The family of Conrad Roy III spoke out following Michelle Carter’s sentence Thursday, revealing their shock and awe that the young woman accused of urging Roy to kill himself would walk free this week. Carter was sentenced to two and a half years, 15 months of which she would serve behind bars, but was allowed to leave with her family Thursday pending appeals.
Roy’s mother said in an interview with “48 Hours” that the case will never end for her and her family.
“We want to put it past us,” she said. “We want to move on. Best way we can.”
Carter, 20, was convicted of involuntary manslaughter after a contentious trial revealed hundreds of text messages in which she urged her boyfriend to take his own life. “Hang yourself, jump off a building, stab yourself… there’s a lot of ways,” she wrote in one text. At various points, she told Roy his parents would get over his death and expressed frustration that he hadn’t killed himself yet.
In other evidence presented during the trial, the prosecution introduced YouTube videos Roy recorded of himself discussing his own depression and anxiety. In one video, he called himself “a minuscule little particle on the face of this earth… no good, trash” and said he would “never be successful, never have a life, never have kids, never learn.”
“Michelle Carter exposed my son’s weaknesses and used him as a pawn,” Roy’s father said. “Where was her humanity?”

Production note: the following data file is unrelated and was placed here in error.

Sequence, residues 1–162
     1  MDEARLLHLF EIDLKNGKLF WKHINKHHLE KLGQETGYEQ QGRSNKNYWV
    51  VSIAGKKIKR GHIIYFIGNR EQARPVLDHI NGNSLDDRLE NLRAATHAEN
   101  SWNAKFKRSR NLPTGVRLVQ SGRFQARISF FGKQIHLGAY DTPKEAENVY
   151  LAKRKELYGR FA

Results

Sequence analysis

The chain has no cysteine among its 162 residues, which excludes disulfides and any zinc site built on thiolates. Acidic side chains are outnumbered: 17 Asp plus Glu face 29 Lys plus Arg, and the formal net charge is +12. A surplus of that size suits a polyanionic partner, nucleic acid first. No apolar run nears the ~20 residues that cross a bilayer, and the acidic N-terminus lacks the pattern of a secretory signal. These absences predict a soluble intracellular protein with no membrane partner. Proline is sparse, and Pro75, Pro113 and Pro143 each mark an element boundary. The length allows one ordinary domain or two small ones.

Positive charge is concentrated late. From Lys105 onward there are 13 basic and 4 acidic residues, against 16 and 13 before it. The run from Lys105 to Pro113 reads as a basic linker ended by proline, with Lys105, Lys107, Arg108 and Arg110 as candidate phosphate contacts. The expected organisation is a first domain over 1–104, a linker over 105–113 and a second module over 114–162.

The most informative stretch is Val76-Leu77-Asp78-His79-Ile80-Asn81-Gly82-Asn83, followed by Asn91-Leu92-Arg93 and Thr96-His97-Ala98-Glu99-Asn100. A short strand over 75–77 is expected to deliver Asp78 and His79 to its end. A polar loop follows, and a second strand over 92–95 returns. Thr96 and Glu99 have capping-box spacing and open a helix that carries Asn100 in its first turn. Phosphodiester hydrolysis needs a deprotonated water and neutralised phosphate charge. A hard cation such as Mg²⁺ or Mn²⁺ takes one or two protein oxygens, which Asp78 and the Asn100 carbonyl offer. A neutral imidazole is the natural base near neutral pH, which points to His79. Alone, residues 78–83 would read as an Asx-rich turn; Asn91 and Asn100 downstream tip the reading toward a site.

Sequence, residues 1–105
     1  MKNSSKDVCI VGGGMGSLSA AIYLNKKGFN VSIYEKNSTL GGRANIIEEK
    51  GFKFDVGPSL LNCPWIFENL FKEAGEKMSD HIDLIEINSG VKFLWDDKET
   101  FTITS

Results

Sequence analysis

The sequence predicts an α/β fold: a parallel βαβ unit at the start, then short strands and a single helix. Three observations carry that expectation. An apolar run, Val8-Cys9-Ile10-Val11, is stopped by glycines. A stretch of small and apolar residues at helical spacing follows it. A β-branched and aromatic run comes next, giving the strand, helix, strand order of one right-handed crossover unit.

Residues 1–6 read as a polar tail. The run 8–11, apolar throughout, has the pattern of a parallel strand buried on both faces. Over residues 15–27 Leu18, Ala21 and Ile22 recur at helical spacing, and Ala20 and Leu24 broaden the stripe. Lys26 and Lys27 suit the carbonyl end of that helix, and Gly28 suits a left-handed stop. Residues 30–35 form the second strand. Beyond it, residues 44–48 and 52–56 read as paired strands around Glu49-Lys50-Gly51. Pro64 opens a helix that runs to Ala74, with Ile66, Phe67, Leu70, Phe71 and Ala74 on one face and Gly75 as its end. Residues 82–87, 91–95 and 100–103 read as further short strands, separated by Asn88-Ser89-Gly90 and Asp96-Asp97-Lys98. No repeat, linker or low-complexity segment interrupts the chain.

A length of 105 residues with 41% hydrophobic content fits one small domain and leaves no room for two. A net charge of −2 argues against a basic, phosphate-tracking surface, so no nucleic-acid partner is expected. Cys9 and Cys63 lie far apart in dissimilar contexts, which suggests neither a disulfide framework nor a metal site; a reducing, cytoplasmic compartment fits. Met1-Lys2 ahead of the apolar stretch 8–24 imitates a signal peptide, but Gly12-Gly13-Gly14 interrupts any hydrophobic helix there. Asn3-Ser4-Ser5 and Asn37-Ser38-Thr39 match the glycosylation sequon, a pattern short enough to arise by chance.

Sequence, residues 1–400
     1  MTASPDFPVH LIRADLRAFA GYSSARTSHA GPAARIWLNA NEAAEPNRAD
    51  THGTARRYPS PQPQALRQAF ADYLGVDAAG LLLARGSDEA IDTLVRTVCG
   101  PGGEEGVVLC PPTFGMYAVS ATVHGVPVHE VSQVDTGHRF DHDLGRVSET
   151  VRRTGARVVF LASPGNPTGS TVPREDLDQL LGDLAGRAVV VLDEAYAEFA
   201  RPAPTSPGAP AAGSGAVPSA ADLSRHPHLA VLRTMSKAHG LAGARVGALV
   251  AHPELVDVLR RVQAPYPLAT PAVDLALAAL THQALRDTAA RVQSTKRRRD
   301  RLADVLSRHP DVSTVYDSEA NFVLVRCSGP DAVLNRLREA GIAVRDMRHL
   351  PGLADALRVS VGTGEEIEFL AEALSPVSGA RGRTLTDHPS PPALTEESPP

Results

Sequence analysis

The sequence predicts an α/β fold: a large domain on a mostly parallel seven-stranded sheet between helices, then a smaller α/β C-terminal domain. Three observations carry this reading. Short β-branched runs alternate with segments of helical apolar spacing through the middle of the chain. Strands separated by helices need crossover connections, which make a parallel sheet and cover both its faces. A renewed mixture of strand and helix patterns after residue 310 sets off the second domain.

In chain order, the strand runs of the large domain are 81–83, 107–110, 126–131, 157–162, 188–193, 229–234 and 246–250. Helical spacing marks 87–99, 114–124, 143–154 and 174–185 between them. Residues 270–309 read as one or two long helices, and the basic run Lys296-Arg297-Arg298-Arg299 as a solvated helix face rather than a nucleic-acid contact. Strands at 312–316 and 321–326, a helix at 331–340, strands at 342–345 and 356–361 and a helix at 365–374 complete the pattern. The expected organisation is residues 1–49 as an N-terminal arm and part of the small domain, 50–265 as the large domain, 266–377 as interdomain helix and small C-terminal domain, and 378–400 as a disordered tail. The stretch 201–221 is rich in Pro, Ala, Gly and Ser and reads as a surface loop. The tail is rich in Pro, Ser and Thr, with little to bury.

Roy’s cousin, Makenna O’Donnell, told “Good Morning America” Thursday she was sickened by the fact that Carter would walk free, at least for now.
“I was just sick,” O’Donnell said. “Just sick to my stomach… the fact that she can be free, and my cousin, he’s not here. She should be behind bars.”
Roy took his own life in 2014 when he was 18 by attaching a portable generator to his pickup truck. Prosecutors showed evidence at the trial asserting Roy got scared at one point during his suicide and attempted to get out of the truck. Carter, who was on the phone with him at the time, told him to “get back in.”
“I just don’t understand how someone can be free knowing she deliberately told him to get back in the car and she gets to sleep in her own bed tonight. She gets to eat breakfast. She gets to wake up with her family. Meanwhile, where’s Conrad?” O’Donnell said. “No normal human being who doesn’t have problems would tell someone to get back in a truck where it is a toxic environment. I do believe she needs help…